Abacus 2007-AC1 was the name of that security. The Abacus deal involved John Paulson, famous hedge fund manager who has probably made more than anyone else in shorting funds. Goldman Sachs failed to disclose to investors — who were going long on the deal — that Mr. Paulson was involved in choosing the components of that bundle of mortgages… and that he was also betting against it.
3. $515 million, Bank of America — Fined in 2004 for permitting improper rapid trading of mutual funds in its Nations Fund. At least half was for investor restitution.
4. $285 million, Citigroup — In December 2011, Citigroup was fined this lordly sum relating to a CDO containing toxic subprime mortgages. It is still in question, as U.S. District Court Judge Jed Rakoff didn’t like it, since they are not required to admit to any guilt for the sales.
5. $280 million, JPMorgan Chase — In June 2011, JPMorgan Chase paid this huge fine for its “Squared CDO-2007” deal, which resembled the “Abacus” of Goldman Sachs. Just like Goldman, JPMorgan had failed to let investors know that another party betting against the fund had helped make it.
6. $215 million, Citigroup — Way back in 2002 Citigroup paid $215 mil to settle a case brought by the FTC claiming that part of their company, The Associates (later CitiFinancial) deceived customers to get them to refinance at interest rates amounting to usury.
7. $137 million, Bank of America — This may be one of the most egregious cases, with a sadly inadequate fine, of all the fraud, collusion and predatory practices seen in the Big Banks and stock firms during the last few years. It was found in 2010 that a conspiracy to rig bids on municipal bonds contracts had been carried out among the biggest banks. JPMorgan Chase, UBS, Wachovia, and others were implicated along with Bank of America. They took turns being “awarded” contracts in dozens of local bonds derivatives contracts.
The SEC demanded for its fine only $36 million; but another $101 million was added to the penalty by multiple state and federal agencies. It is estimated to have cost taxpayers over $1 billion.
……. As huge as these amounts seem, they are tiny in relation to the sums earned by the respective companies. For instance, what JPMorgan CHase paid for the Squared fines was less than 2 days’ income that quarter. In 2006, Citigroup grossed $38 billion from subprime home loans…. wait for it…. and their net profit that year was $28 billion.
Wall Street bonuses — which are obviously a metaphor for the unfair reward system currently in place for huge sectors of society today — are hard to keep uppermost in my mind, because of the Republican presidential candidates, who are utterly mad.
Or else they’re just aliens. You think?
I have to consider the possibility. Others already have reached firm conclusions for themselves on the matter, for instance: Rall.com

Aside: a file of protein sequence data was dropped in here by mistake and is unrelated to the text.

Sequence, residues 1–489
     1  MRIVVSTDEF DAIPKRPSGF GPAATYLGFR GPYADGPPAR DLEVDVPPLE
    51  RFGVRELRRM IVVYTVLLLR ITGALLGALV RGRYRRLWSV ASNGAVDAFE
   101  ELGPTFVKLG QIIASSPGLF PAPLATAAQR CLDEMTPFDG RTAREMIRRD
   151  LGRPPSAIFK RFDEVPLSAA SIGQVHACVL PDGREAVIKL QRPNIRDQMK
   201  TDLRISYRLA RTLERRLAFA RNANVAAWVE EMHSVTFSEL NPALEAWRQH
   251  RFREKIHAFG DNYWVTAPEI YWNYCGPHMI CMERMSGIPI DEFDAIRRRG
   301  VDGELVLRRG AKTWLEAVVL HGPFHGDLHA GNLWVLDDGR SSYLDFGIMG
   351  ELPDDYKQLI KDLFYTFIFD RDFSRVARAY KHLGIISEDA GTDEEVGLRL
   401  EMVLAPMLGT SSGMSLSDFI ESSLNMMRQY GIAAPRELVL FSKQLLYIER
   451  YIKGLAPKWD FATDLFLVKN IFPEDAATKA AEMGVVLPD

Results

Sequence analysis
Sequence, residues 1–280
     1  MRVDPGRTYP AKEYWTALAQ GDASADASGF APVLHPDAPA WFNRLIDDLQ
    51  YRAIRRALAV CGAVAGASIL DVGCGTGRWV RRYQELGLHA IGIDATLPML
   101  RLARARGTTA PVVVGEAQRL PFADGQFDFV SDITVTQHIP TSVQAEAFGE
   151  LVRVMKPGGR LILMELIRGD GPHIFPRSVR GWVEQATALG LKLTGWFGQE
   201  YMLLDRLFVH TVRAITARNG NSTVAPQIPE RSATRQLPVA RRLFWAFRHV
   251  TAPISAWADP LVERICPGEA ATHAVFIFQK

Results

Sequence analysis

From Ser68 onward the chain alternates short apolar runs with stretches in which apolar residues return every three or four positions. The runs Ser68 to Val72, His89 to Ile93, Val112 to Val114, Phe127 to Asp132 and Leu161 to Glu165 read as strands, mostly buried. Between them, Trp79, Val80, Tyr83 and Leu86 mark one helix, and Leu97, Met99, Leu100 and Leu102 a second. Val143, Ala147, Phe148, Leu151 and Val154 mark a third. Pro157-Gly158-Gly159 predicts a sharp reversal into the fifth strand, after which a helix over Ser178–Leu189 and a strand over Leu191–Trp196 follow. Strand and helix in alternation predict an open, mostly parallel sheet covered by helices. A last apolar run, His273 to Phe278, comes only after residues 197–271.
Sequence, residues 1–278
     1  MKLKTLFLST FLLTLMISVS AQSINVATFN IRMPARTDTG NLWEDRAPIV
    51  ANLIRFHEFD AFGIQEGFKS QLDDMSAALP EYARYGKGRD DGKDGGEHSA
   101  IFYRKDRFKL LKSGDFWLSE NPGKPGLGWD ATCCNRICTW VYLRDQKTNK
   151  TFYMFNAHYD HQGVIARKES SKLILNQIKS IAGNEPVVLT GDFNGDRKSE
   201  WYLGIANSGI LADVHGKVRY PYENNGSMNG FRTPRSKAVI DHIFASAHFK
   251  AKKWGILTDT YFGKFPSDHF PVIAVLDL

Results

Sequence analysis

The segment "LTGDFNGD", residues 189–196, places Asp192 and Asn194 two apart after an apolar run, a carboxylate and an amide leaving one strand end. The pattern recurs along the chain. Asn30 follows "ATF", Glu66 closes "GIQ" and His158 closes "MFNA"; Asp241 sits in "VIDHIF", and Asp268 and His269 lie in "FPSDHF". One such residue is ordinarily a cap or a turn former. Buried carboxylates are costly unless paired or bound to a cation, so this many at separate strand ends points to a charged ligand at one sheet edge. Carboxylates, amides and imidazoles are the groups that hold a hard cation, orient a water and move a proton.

But I have to do my own fact-checking. Or at least rumor-checking. So okay, quickly. On Ted Rall’s latest cartoon, in the link above, he quotes:
“We’re not here to serve the Earth. That is not the objective. Man is the objective.” — Rick Santorum
So the salient parts of the quote actually are:
“We’re…here to serve… Man.”
How predictable! And like a fool here I was, twirling towards freedom.
I think I caught a glimpse of the Republican candidates the other day, when my water bowl was being refilled and the cell door hung ajar behind the guard. They — the candidates — look different now and their disguises are off. If you can picture an orange pyramid about 8 feet tall made of spongy flesh, and thick tentacles writhing out of its top, you’ve got it. And don’t forget the skinny arms, sticking out from either side.
Did Wall Street suggest that Rick Santorum open his mouth and start talking about all this religious stuff? Someone did. It’s a great way to channel the talk and attention away from the fact that the miscreants, or I should just say criminals, of the ruined economy aren’t in jail yet, and financial regulations haven’t yet been enacted that will prevent more of the same crimes.
I refuse to let the current stupid anti-contraception debate-posing-as-a-religious-liberty-debate, which the Republicans have unleashed in front of the media, prevent my seeing the economical sins they continue to commit. (Just to throw some religion at you.)
You shouldn’t look away from the economy, either.
Or from your need for health care coverage.
On the health care front, I’ve been trying to listen to the inner facts that I heard first from very right-wing, hardworking doctors. There’s some scary things to think about;, and everybody — right, left, green, libertarian, smurf, communist, all — should be concerned.
Just focusing for now on Medicare.